Solution: Sort the DAGs by "Running"

This is where we dive into the Airflow code base. I very naughtily did this, as well as the ensuing changes, in the site-packages/airflow directory on our live Airflow webserver. Sorry/not sorry!

Firstly, I right-clicked on one of those bright green "running DAG" circles and did "inspect element". This led me eventually to some jQuery which renders the color and number for each of the three circles in a DAG's "DAG Runs", each based on a Javascript object with keys like "state" and "count". This object is obtained via a fetch to Airflow's back end, namely an endpoint called /dag_stats.

We'll want to sort our DAGs by something in the response to that fetch call. However, the /dag_stats endpoint is called after the DAG list page is loaded, so we'll have to do a little surgery:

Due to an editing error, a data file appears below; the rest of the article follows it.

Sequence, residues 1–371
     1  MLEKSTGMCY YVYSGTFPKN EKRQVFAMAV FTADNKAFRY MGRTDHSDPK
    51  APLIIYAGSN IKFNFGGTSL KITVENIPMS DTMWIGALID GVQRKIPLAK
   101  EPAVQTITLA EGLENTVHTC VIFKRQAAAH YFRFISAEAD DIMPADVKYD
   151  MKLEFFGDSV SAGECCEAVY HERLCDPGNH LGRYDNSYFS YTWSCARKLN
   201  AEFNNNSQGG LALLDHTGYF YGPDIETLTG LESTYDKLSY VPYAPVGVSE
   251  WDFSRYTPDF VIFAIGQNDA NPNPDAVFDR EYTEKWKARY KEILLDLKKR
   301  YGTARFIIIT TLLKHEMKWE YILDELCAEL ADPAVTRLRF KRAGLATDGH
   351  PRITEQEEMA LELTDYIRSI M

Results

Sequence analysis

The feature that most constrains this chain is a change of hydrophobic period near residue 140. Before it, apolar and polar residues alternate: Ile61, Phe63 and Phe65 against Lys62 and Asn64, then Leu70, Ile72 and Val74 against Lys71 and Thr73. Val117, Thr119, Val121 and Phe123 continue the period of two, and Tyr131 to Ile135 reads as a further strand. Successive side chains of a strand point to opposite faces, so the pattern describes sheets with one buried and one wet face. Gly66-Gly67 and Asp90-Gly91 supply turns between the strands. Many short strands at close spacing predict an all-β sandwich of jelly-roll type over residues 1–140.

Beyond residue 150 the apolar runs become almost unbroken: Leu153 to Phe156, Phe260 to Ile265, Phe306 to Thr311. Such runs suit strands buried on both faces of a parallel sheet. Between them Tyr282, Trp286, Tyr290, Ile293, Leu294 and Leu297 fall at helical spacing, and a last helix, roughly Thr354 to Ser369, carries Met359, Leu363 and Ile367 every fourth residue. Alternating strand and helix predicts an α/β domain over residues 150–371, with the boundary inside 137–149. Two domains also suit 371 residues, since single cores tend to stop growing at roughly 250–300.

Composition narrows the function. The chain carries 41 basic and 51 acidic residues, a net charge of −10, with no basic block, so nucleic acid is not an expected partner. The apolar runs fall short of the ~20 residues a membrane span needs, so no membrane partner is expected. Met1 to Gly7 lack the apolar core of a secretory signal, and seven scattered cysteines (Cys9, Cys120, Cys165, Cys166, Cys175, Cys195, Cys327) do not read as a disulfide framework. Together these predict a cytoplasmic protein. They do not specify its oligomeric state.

First let's find this endpoint in Airflow's code base: $ grep -r dag_stats airflow/ leads us here. payload near the end of that function looks to be a dictionary whose keys are dag_ids and whose values are lists of dictionaries, each dictionary containing (among other things) the "state", "count", and "color" for each of the possible DAG states. We know there are three possible DAG states given the three circles in the GUI.

So, how to get that DAG status dictionary before rendering all the DAGs so we can sort by it? Well, that jQuery I tracked down earlier is in a template file called dags.html. Whatever endpoint renders that template is what we're after. Sure enough, in the same views.py module as /dag_stats we have this (the "/" endpoint). In it there's a complex, parametrized-via-config SQLAlchemy query to get and filter and sort the DAGs that will be passed into the template. In lieu of adding a complex (though surely more efficient) multi-table query in the body of this endpoint, let's just copy all the code from the /dag_stats endpoint and sort the DAGs by it just before rendering: